Gamekeeper-turned-poachers undermine HMRC

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Wendy Bradley investigates research by Warwick Business School and the University of Birmingham, which claims former HMRC workers are helping companies find tax loopholes.

The research, in Accounting, Auditing & Accountability Journal’s Autumn 2015 issue, is based on interviews with current and former senior HMRC staff and “documentary data relating to reform from 2003 to 2012”. The authors find that tax professionals who are moved into what they call “hybrid management roles” adopt different responses: basically some resist moving away from a technical tax role into management and customer facing roles, and some embrace the change. So far so good: but they go on to suggest that there is a third way, where senior tax inspectors leave HMRC and join major companies where they become “canny customers”.

Many of us would say “so what” at this point: there has always been a flow of trained inspectors out of the Inland Revenue and HMRC and into the profession and business.  The authors seem to be suggesting, however, that there is something distinctive about senior civil servants leaving HMRC in the 21st century for roles in multinational corporations. That they are somehow making use of their knowledge of the customer service focus of HMRC’s large business offering to do... what?  “Exploit and accelerate reform”? You have to wonder how that would work, exactly.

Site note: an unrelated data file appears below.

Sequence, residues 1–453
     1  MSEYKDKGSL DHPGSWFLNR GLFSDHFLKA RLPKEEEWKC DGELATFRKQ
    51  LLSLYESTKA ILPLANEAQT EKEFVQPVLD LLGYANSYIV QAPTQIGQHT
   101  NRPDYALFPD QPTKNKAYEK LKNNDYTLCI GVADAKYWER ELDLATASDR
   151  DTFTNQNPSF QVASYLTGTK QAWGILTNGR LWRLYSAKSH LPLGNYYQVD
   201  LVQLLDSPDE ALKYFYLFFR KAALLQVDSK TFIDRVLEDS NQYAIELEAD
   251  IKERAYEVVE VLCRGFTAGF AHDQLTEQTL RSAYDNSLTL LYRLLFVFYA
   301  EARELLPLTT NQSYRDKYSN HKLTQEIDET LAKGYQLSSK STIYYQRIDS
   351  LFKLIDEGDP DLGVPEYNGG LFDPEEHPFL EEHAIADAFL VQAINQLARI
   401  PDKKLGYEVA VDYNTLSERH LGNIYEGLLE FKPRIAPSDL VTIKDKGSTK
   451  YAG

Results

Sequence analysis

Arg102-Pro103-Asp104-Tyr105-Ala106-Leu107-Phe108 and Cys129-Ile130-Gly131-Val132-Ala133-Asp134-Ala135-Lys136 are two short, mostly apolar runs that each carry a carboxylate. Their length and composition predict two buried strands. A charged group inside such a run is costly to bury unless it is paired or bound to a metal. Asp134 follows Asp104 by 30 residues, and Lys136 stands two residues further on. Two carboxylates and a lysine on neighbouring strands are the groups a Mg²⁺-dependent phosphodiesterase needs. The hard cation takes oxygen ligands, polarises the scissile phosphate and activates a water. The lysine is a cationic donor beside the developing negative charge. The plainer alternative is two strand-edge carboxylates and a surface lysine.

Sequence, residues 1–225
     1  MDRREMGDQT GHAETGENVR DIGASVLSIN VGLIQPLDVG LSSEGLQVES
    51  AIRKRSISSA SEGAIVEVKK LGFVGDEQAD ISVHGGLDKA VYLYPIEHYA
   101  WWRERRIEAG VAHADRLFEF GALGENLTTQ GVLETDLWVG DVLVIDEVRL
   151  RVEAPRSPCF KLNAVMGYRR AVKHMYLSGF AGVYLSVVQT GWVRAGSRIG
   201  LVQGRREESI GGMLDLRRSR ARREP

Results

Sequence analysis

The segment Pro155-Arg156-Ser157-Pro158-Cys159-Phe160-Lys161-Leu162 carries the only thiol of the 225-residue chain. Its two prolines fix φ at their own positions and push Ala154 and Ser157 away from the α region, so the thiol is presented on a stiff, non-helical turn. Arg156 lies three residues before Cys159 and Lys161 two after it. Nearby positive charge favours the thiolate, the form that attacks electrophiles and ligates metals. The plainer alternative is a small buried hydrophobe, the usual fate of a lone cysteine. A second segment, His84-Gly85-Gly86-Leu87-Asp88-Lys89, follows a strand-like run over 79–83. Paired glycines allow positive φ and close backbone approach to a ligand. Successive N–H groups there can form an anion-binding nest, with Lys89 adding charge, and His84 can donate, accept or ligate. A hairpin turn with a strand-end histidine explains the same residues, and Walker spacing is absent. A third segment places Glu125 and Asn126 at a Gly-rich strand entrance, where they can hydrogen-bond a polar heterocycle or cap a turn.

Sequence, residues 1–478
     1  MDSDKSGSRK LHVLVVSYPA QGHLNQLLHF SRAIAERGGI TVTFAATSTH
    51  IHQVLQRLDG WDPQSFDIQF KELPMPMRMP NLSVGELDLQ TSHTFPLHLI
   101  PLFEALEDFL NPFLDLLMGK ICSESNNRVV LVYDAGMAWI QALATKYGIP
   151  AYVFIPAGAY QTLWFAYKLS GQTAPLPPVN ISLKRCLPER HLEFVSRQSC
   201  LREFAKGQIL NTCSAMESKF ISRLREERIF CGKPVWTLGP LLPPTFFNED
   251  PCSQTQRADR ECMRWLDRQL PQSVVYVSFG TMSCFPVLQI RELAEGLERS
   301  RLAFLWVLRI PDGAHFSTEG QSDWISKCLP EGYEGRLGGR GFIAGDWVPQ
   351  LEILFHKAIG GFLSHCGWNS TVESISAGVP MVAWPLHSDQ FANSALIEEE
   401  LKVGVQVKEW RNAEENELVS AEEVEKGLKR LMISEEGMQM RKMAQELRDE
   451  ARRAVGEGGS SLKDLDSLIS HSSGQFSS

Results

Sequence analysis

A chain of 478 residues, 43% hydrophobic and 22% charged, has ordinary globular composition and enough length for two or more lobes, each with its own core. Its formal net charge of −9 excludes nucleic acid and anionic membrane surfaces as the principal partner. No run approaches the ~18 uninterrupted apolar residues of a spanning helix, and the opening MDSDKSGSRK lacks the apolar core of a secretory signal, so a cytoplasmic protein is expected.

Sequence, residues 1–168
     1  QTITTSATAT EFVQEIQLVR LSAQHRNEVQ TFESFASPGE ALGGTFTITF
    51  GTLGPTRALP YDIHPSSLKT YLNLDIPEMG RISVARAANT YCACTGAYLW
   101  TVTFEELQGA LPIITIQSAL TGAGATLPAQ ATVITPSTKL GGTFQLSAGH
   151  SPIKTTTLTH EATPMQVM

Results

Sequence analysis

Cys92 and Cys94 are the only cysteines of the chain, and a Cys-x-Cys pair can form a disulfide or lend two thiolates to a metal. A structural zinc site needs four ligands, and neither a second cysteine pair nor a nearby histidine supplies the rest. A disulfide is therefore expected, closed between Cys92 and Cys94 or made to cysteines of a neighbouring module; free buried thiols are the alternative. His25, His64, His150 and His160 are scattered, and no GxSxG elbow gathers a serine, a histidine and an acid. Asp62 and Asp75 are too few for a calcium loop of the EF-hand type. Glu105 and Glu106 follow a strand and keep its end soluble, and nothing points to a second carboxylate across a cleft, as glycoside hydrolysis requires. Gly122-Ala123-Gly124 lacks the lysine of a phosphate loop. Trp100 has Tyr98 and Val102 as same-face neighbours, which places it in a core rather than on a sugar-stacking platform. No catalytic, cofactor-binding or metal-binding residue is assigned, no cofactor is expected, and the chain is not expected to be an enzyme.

As you might imagine, the inspectors themselves aren’t happy with the suggestion. ARC, the union for senior members of HMRC “regrets the recent article on HMRC professionals and their role in Large Business. We would have liked to have been consulted as part of the research exercise to make the point that HMRC staff are professionals and carry out a difficult job, bringing in Billions of yield. We do not recognise the assertion that there is a glut of former HMRC staff helping companies to find tax loopholes”

I am someone who lived through the merger of the old Inland Revenue with Customs and Excise in 2005 and I would have said that the biggest change to the tax inspector role over the period covered by the research was that we suddenly found ourselves in a department where many of our peers were specialists in fields other than direct taxes. The authors of the research seem not to have noticed, or at least not to have mentioned, that there was this rather large elephant in the room.  A better explanation of why Senior Civil Servants in HMRC are different from SCS tax inspectors of yore might simply be that they are now SCS from all kinds of specialisms; the “22 professions in HMRC of which tax is just one”.

There is of course some truth in the idea that HMRC staff are expected to have moved over time from being “regulators” to being “enablers”, in line with HMRC’s customer focused strategy. How this leads the authors to believe that there is a cadre of ex-customer relationship managers now lodged in multinationals and busy undermining the tax base isn’t quite clear from the paper. Indeed I couldn’t actually find that suggestion IN the paper itself, so perhaps what we actually have here is an over-enthusiastic PR team trying to find a sexy headline for an otherwise unremarkable piece of research?

About Wendy Bradley

Wendy Bradley is a retired tax inspector, now working as a freelance journalist.


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By redboam
05th Feb 2016 18:37